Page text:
Omnibus public lands bill scheduled for vote: Take action now

PICKERINGTON, Ohio — The American Motorcyclist Association (AMA) is urging all motorcyclists to contact their U.S. representatives to vote ‘No’ on H.R. 146, known as the Revolutionary War and War of 1812 Battlefield Acquisition Grant Program. This bill was formerly known as S. 22, the Omnibus Public Land Management Act of 2009. If passed, it will prohibit all motorized vehicle access on more than 2 million acres of public lands. 
Congress’ first attempt to pass this measure, S. 22, was defeated two weeks ago in the House. However, following this defeat, the Senate leadership, using a little known parliamentary procedure, brought H.R. 146 to the floor, inserted the language from S. 22, and passed the bill on March 19 by a vote of 77 to 20.

‘AMA members stepped up and helped defeat this unfair measure the first time, and we can defeat it again,’ said AMA Vice President for Government Relations Ed Moreland. ‘All motorcyclists, all-terrain vehicle riders and anyone who favors open and fair government must deliver Congress a strong message: Do not attack our right to recreate responsibly on public land, and do not enact leglislation without open and balanced public debate.’

H.R. 146 is now up for consideration in the House. It consists of a daunting collection of more than 160 pieces of legislation and more than 1,300 pages of text. Normally, this legislation would require a two-thirds majority to pass. However, the House Democratic leadership wants to consider H.R. 146 under regular order so the bill would pass with only a simple majority. For this bill to be considered under regular order, the House must first pass a rule.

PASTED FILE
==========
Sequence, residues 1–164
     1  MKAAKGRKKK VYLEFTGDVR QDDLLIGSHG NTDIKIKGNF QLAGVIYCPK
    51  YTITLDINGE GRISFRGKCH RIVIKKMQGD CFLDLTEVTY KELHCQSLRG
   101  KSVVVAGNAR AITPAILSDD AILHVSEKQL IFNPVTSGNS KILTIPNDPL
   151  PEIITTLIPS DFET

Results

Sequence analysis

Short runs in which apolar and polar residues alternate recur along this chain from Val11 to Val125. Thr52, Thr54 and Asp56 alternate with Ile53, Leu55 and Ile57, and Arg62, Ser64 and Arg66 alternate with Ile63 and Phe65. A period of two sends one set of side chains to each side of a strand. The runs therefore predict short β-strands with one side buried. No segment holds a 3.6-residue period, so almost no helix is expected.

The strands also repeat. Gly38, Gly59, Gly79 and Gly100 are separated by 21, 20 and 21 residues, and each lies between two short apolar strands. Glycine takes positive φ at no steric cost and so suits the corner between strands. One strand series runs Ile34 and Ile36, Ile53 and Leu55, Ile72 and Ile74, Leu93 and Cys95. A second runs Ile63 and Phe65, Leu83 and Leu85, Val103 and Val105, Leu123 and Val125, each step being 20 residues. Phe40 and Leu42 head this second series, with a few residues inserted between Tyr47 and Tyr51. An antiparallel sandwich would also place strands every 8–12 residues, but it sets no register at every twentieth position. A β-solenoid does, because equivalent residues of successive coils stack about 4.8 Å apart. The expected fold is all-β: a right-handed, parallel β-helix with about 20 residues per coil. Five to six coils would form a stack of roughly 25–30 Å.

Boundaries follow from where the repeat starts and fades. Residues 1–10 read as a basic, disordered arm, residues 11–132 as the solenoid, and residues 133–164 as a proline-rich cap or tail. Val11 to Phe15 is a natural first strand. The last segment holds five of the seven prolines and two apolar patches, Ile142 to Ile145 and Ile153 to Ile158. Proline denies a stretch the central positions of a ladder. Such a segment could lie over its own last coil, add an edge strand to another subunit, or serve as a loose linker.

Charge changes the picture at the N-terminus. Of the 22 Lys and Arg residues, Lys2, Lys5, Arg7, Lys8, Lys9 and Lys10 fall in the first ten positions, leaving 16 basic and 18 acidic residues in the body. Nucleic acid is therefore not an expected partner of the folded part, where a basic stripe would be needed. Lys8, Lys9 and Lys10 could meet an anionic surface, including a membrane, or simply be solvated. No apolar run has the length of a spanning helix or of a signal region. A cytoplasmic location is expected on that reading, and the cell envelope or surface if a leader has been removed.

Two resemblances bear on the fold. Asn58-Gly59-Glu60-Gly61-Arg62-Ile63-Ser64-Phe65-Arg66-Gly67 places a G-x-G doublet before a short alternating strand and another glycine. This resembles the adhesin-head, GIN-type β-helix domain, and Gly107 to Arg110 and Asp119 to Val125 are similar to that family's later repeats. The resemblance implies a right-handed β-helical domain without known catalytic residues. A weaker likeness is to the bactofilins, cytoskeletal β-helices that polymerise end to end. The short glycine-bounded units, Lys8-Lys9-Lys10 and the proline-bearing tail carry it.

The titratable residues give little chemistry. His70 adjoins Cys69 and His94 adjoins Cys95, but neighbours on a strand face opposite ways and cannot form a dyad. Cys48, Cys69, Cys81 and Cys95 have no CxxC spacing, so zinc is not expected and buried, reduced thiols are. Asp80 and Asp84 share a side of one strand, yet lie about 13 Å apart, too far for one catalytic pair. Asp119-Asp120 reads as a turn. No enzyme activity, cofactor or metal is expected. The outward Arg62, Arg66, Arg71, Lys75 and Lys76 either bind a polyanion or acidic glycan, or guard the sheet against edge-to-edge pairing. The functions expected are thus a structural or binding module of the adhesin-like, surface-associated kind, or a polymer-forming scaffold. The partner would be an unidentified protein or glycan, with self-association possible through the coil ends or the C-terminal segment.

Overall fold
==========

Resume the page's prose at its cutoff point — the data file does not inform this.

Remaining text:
To help preserve access to public lands, the AMA is encouraging its members to contact their representatives and urge them to vote ‘No’ on the rule regarding H.R. 146 and also insist they vote ‘No’ on the final passage of H.R. 146. Immediate action is critical to help keep more than 2 million acres of public land open to motorized recreation.

With such a short time frame for action, the best way to request that your representative vote ‘No’ on H.R. 146 is to call. Visit the Issues & Legislation section of the AMA’s website at to get the phone number for your representative. Enter your zip code in the ‘Find Your Officials’ box and click on the name of your representative. If you would prefer to contact your representative with e-mail, you can also do that on the AMA’s website. The government relations staff has provided a pre-written letter for your use.
‘Every representative must know that responsible motorized recreationists want them to vote ‘No’ on the rule and ‘No’ on the final passage of H.R. 146,’ Moreland said. ‘Please call your representative and tell everyone you know to do the same.’

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